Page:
Elbow fractures occur in the elbow joint, which is made up of three bones, bends and straightens like a hinge. It also is vital in rotating the forearm to turn the hand’s palm up or down.
The upper arm bone between the shoulder and elbow is the humerus. The radius and ulna bones are the parallel forearm bones between the elbow and wrist. Any combination of these three bones may be involved in a fracture of the elbow. This can occur from a direct blow, often caused by landing on the elbow in a fall or being struck by a hard object. Symptoms of an elbow fracture include pain, swelling, bruising and stiffness in and around the elbow, and an inability to move the arm. Often, an x-ray confirms if a fracture is present and if the bones are displaced. Sometimes, a CT scan is necessary to get further detail.
An elbow fracture can involve up to three bones located in the elbow area. This type of fracture can produce swelling, tenderness and pain in the upper, mid and lower arm regions. There is also a marketed inability to move the arm. Attempts to use the lower portion of the arm may be restricted due to instability of the upper arm. Injuries to the nerve may also occur causing a numbing sensation down to the hand area.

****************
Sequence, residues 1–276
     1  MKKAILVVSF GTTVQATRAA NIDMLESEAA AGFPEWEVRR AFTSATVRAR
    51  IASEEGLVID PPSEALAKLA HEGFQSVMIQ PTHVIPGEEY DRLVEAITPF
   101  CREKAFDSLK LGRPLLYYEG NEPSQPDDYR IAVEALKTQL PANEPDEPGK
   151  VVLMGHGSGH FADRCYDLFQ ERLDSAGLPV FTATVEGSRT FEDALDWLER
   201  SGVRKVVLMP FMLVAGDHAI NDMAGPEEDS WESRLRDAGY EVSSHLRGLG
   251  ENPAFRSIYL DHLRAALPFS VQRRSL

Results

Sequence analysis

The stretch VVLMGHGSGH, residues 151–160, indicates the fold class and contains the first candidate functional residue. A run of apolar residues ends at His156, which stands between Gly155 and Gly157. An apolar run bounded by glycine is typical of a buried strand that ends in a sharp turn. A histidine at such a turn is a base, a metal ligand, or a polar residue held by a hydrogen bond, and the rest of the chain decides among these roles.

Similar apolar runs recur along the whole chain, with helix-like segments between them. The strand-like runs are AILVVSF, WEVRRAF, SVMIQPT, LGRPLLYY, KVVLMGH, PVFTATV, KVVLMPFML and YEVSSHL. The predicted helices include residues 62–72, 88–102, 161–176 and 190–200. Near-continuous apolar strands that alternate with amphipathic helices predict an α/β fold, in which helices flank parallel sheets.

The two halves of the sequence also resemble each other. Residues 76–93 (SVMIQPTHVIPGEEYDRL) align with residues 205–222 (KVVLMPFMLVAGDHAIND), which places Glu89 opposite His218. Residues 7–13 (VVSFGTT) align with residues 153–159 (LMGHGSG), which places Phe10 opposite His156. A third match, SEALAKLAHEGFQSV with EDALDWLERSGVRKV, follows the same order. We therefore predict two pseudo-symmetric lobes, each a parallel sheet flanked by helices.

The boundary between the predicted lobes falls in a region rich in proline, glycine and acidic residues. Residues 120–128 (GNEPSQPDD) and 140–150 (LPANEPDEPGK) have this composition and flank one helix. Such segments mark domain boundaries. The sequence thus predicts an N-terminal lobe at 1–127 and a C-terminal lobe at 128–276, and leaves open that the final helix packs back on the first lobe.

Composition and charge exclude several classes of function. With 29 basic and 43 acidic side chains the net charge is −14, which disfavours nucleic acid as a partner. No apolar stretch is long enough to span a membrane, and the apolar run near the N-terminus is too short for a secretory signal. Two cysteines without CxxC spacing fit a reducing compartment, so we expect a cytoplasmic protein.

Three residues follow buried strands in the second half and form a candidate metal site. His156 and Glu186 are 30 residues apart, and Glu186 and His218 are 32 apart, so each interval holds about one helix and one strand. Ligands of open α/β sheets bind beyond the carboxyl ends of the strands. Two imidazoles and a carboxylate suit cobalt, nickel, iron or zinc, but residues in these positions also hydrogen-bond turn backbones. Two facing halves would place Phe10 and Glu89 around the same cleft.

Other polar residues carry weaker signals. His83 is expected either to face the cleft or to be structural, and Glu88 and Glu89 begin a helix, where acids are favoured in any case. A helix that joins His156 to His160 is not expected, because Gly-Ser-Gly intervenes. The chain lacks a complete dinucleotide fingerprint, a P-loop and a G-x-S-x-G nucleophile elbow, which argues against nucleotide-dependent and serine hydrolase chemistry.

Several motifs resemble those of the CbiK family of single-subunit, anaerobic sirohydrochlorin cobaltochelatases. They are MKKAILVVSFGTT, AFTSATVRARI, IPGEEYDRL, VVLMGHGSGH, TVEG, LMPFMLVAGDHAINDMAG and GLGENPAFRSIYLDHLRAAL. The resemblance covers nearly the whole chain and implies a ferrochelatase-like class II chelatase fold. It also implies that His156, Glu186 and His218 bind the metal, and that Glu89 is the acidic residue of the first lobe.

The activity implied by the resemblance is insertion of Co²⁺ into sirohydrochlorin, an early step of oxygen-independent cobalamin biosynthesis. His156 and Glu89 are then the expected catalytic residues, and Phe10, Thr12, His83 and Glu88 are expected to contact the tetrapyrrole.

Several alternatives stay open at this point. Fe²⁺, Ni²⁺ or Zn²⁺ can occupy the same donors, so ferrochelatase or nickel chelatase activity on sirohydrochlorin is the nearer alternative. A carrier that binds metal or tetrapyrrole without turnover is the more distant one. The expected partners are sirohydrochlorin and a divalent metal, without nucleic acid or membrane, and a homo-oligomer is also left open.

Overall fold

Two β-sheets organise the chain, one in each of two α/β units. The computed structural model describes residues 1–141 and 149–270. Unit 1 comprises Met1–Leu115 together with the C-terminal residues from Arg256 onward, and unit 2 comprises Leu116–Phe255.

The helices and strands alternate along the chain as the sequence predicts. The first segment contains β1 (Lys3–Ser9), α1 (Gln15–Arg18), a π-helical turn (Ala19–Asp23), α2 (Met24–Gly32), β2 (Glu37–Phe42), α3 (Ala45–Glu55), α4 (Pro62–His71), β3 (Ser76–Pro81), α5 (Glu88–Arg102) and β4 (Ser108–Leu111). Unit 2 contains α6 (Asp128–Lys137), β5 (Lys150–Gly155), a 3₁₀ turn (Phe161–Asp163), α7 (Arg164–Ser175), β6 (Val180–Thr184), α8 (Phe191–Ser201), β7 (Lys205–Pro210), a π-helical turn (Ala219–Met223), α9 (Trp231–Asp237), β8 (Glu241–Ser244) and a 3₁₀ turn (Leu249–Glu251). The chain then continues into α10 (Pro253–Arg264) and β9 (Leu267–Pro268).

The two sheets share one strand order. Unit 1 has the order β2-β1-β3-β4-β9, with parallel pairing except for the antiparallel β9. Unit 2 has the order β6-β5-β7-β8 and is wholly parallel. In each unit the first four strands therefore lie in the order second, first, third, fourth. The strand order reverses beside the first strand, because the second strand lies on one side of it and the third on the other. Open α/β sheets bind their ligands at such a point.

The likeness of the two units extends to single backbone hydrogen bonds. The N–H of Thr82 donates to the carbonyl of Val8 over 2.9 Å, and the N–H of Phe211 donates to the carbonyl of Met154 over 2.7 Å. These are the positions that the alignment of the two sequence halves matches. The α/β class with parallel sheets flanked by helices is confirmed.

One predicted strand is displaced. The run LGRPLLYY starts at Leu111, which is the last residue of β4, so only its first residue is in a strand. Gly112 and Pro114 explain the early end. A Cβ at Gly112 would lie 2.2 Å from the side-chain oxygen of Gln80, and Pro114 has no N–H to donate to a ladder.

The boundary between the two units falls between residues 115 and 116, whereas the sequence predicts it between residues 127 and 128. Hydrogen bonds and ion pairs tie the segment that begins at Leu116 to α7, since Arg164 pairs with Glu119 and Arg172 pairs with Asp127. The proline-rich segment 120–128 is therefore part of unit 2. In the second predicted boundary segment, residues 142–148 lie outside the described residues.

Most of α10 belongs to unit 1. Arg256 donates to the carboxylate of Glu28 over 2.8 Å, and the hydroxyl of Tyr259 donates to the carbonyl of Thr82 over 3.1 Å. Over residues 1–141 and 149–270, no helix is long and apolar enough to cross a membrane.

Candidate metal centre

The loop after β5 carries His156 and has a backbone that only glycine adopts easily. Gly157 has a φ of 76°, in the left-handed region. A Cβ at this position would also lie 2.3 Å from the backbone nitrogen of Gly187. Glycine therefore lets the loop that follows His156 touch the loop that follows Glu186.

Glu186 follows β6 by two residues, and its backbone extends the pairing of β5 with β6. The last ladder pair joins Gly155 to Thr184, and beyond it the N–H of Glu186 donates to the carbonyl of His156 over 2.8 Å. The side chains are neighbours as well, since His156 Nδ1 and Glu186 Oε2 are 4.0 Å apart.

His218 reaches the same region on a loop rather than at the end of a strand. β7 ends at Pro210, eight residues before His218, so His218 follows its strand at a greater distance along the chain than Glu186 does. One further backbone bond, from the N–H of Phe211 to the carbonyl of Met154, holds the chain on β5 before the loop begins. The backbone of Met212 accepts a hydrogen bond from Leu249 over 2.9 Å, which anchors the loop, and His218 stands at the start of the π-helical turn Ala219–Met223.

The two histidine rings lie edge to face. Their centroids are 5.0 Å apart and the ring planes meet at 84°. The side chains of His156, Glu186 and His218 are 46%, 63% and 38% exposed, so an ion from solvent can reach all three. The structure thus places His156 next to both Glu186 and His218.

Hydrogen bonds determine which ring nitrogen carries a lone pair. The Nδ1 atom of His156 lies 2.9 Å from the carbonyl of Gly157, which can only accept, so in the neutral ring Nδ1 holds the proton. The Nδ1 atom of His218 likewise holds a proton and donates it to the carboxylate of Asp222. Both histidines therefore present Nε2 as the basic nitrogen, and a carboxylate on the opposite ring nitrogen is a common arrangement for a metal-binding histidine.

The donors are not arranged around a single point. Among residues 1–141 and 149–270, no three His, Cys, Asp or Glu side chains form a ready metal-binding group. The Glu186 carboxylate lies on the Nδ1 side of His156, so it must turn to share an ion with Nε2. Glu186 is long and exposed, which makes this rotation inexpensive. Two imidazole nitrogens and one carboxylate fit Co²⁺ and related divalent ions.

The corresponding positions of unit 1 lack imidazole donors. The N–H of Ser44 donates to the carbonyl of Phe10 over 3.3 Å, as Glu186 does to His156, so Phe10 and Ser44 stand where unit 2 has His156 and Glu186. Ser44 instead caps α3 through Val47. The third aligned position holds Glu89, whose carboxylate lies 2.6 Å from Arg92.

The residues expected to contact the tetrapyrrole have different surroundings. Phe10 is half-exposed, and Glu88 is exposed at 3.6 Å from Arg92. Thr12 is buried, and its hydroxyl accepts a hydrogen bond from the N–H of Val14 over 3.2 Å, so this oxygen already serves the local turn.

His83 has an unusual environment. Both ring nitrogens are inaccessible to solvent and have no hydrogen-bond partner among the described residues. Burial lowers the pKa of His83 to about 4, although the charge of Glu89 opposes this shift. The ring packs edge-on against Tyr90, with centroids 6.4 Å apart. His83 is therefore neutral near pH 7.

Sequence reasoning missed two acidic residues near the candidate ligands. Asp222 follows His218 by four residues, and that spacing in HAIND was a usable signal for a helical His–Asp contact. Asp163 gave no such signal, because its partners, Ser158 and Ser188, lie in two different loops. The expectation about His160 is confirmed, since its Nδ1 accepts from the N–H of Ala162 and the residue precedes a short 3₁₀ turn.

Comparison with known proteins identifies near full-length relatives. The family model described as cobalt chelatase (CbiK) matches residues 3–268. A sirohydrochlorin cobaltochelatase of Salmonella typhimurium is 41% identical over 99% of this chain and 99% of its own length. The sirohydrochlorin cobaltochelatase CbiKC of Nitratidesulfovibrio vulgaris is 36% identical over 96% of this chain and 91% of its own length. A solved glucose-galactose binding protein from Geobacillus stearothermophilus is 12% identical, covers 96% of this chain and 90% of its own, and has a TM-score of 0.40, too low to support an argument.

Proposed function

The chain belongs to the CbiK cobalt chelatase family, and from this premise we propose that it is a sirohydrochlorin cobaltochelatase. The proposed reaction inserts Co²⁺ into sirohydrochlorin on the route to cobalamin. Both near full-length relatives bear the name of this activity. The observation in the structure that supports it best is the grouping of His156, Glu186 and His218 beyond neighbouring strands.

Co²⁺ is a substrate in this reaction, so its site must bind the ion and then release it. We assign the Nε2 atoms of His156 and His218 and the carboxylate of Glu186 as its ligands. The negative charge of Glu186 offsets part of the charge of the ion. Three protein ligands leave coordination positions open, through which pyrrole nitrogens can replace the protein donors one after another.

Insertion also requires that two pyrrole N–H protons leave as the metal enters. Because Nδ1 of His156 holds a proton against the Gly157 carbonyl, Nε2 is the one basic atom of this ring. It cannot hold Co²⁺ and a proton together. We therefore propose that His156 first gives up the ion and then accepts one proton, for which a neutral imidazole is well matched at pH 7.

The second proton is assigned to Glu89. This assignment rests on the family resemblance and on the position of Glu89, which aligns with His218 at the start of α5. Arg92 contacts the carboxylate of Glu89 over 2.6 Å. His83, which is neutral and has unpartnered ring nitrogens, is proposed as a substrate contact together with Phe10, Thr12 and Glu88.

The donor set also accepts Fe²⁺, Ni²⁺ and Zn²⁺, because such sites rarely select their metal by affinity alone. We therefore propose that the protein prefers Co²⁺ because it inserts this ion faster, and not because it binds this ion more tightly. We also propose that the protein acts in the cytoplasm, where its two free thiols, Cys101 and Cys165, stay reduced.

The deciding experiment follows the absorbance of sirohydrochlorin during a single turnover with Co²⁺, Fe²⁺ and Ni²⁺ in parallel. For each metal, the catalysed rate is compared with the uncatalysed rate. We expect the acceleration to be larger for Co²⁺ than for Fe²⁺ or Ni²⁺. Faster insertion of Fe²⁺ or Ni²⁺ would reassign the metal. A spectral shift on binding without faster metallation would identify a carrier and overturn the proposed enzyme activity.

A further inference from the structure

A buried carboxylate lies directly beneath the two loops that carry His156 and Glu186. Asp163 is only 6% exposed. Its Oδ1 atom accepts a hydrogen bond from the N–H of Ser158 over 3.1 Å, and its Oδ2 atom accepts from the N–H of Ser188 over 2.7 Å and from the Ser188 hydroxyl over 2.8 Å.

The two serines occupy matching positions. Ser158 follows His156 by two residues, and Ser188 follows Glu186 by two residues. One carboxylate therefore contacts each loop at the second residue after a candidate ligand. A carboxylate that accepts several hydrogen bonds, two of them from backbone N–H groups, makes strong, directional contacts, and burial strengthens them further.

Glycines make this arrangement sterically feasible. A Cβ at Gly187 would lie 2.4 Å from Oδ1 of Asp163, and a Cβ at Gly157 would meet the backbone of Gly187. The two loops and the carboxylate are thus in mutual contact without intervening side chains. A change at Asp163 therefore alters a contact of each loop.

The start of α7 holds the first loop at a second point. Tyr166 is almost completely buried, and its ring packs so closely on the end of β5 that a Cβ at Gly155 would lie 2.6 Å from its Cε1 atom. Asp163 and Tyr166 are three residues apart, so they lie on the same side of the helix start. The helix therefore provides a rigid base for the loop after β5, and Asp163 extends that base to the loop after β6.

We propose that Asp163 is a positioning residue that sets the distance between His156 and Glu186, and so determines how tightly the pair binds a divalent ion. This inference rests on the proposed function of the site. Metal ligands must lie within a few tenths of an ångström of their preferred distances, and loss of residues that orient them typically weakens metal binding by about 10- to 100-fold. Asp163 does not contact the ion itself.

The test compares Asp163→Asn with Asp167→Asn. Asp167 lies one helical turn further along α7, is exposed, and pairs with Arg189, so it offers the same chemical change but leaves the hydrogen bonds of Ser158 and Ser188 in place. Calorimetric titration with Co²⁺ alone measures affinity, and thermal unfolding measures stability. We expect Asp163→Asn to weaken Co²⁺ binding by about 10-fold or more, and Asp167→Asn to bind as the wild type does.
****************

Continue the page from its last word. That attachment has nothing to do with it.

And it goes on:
These injuries typically occur due to a traumatic incident. Dr. Louis will perform a thorough examination to evaluate and determine the extent of your arm injuries and conduct a complete review of your medical history.
He may also utilized diagnostic tools such as an MRI, X-ray or CT scan to confirm the extent of your condition.
Conservative treatment (a sling or cast) is rarely used to stabilize a fracture of the elbow. Elbow fractures that are displaced or unstable need surgery to realign and stabilize the fragments, or sometimes to remove bone fragments. If the fracture is open (skin broken over the fracture), urgent surgery is needed to clean the bone and the surrounding soft tissue to minimize the risk of a deep infection.